Who’s going to sting? The wasp
Who’s going to win? Havana
Who’s the most astute? The Institute
From where? From Havana
I trust that many readers will recognize the building in the photograph. To those who do not know it, I tell them it is the “pre” in Havana, or –to those who are more attached to the good old traditions- the Havana Institute of Secondary Education. Many generations of Cubans went through this massive and compact building to egress proud with our brand new Bachelors of Science and Letters diplomas –that is what the official document said- full of illusions about the next upcoming admission to university classrooms.
Watching this building always brings me a flood of memories, all of them friendly and surprisingly close, despite the 32 years that have passed since I finished high school. I can almost see the happy student groups in white and blue uniforms; perceive the shocks of the exams; recall the projects for the future, so remote then, but definitely different from the reality we ended up with; listen to the constant jokes and laughter; surprise forbidden conversations complicities, fleeting love affairs, the first cigarettes. Dozens of faces are drawn in my memory, some closer and more familiar than others, but, today, all of them definitely endearing. So many of them dispersed now around the world!
We, the young people at Havana Institute had a strong sense of belonging to its spaces. We loved its solid structure of blocks of stone, its wide staircase, its sunny inner courtyards, its hallways, the glittering stained glass windows of the Aula Magna, solemn and big, with its imposing podium and mahogany furniture, the upper porch overlooking Zulueta street; the lobby, decorated with classical columns and ending at the majestic marble inner staircase; the elegant grid work on the ground floor windows; the classrooms’ glass blackboards, its well-appointed laboratories… A building designed for teaching the way they don’t build them anymore. When I was a student there, the Pre still had its own newspaper, “La Avispa” (The Wasp), edited by a group of students -barely the thinnest of periodical rags, printed on an old mimeograph in the basement of the building, -with quite an irregular publication, but somehow carrying in it the reminiscences of the past, something like a breath of autonomy of the old republican times, when the building’s classrooms were a strong outpost of freedom and civil society discussions through the voices of its students. We were aware that, in the past, a good portion of the pillars of the Cuban intellect, of the leaders of civic thought of the Republic had been shaped there.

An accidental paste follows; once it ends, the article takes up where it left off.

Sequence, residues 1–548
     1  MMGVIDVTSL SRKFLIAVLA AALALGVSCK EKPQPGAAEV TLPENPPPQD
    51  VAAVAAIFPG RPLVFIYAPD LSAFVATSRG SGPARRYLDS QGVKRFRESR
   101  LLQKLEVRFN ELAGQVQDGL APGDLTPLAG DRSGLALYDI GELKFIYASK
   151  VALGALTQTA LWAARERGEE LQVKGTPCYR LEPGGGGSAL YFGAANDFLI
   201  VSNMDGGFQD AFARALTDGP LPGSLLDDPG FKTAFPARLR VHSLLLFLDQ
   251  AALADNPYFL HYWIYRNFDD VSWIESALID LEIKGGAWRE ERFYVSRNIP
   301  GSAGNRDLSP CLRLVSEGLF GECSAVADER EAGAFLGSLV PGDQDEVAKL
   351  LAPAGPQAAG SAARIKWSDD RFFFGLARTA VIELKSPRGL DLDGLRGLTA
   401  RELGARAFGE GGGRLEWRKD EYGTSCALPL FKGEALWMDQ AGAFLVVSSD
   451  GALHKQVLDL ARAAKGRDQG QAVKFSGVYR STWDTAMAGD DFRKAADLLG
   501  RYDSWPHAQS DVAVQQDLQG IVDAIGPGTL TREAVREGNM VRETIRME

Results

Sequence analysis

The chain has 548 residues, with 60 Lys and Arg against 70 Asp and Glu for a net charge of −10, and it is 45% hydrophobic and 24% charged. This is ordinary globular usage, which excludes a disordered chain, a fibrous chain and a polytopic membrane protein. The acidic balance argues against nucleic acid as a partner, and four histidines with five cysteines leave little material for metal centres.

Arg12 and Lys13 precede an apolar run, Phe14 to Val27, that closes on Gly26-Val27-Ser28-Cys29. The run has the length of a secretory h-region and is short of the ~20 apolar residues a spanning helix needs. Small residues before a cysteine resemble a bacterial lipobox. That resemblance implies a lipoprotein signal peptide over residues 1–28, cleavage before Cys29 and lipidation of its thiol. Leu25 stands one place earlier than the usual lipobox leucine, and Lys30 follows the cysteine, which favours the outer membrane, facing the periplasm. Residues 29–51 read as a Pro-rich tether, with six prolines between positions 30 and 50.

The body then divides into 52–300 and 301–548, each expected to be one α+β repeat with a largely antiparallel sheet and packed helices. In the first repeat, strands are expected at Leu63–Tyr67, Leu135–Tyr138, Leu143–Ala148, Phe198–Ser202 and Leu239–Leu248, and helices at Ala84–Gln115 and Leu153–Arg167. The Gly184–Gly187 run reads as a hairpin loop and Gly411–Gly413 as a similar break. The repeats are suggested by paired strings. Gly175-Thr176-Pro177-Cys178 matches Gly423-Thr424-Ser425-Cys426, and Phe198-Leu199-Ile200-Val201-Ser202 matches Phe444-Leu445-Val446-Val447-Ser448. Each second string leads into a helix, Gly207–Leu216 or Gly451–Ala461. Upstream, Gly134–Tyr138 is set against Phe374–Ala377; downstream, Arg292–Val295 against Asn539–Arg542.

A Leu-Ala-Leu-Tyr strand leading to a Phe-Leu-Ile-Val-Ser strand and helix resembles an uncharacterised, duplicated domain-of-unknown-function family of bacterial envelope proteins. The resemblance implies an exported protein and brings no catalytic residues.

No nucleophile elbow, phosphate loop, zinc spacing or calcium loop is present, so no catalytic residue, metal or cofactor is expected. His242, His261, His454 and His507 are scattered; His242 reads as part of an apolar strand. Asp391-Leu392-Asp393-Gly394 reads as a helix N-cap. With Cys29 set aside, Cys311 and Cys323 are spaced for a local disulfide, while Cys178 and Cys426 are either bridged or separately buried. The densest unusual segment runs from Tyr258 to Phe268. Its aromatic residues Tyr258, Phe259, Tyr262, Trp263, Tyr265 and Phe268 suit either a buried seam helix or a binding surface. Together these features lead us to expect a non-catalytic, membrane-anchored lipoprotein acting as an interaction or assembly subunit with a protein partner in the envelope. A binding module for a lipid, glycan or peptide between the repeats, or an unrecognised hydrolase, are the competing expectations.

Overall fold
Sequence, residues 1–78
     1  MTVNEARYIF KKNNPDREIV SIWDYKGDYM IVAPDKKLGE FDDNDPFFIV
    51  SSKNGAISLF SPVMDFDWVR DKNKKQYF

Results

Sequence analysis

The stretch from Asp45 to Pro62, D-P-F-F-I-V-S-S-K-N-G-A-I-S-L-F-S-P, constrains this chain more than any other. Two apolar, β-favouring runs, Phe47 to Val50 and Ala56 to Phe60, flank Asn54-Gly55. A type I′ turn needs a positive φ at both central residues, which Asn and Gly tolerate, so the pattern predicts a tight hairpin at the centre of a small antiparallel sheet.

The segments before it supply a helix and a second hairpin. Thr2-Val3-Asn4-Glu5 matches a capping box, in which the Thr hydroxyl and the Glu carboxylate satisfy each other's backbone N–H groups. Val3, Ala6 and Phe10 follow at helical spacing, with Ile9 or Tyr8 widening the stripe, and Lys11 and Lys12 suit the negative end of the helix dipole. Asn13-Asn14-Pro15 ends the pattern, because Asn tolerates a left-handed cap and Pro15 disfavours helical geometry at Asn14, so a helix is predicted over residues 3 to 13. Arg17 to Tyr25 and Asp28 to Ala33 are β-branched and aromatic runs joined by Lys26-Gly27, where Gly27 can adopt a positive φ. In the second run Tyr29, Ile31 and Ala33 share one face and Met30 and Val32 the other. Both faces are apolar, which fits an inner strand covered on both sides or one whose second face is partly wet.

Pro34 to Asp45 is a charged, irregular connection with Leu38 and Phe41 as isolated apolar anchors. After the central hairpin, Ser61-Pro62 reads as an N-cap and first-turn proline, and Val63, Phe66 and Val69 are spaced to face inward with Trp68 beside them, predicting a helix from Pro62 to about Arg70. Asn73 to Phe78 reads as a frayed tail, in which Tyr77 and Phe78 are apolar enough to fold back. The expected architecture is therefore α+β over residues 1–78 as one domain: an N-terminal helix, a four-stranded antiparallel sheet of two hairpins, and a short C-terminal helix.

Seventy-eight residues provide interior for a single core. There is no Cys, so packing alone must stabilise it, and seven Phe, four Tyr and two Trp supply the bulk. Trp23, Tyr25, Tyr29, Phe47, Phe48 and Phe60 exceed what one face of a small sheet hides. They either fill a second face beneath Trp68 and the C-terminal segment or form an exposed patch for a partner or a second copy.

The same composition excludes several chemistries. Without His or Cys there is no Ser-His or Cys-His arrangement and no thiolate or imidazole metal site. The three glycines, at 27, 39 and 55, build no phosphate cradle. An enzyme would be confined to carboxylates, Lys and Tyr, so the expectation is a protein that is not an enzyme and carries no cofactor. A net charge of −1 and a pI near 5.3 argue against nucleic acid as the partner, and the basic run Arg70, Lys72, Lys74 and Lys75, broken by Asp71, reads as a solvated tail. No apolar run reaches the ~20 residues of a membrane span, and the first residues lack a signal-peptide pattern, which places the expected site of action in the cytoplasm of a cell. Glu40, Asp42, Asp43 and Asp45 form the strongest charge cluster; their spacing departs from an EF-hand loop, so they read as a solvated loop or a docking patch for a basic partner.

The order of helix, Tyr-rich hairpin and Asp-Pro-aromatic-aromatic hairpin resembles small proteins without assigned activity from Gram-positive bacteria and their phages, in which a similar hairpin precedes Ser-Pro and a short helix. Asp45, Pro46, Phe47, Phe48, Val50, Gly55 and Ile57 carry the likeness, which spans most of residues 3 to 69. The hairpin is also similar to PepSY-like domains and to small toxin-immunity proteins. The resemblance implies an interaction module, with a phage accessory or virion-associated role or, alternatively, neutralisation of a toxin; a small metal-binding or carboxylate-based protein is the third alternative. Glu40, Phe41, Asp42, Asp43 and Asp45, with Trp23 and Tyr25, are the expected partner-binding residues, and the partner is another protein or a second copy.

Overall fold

One fateful day in the 1990’s Havana Institute ceased to be. All of the city’s pre-university education centers had gradually been moving to the countryside since the mid-80’s by official decree, and, inexorably, our turn came too. Thereafter, high school students were required to study under an internship regime in the horrific prefab dorm blocks that, -for better indoctrination, away from family influence and control- had been built. For a time, the classrooms and hallways of the ancient building became silent, orphaned of its youth and the spirit that it had sheltered over almost a century. Under the auspices of the city’s Historian, they worked towards its complete renovation and finally reopened, this time as an “experimental” basic secondary school -a title usually given here to institutions that enjoy special attention-, “focal point” (another of the system’s nobility titles) and model showcase of what the authorities understand as an example of excellence in average education. Needless to say, the openings for admission of adolescents to the school are very sought-after and are awarded after previous careful selection by the officials of the Municipal Department of Education.
I have recently learned that soon the secondary school that occupies the building will be moved to the Convent of Bethlehem. It is said that this building will again become the Havana Preparatory Institute and, in a certain way, it makes me happy that it is so. My fertile imagination makes me suppose that the economical critical conditions and the lack of government liquidity have become unable to sustain the charge of thousands of interned students, which the government –in virtue of its own laws and the brilliant initiatives of our “invincible” leader- is obliged to ensure, albeit minimal, food, uniforms and provide elemental material involving accommodations and transportation. But perhaps these are merely my own assumptions and the reopening of the Institute only represents the whims from on high or -more probably- one of our Historian’s impulses of nostalgia. Anyway, in this case, I couldn’t but appreciate that his bursts of nostalgia will have a more effective result than those of this obscure blogger.
But I don’t know. Something tells me that things will not be the same as before. I don’t know if any of the excellent teachers that the Institute had then are still left; I don’t know if, under the current conditions of widespread deterioration, there still will be enough professionals with such zeal for the quality of education; I don’t know if students are as naïve and trusting or if they will have so many hopes as we and the ones before us or the ones shortly after had then. I would like to believe that indeed, one day the Institute with the greatest tradition in this country will once again be what it was and even better. I would like to believe that maybe in that place the illusions of many generations of Cubans will be forged in a possible and relatively near future by the forces of love, will and dreams, and that they may be capable of reconstructing and creating something valuable and permanent on the ruins of Cuba. And, on reflection, I also believe that, after all, it is best that they never be as naïve and trusting as we were.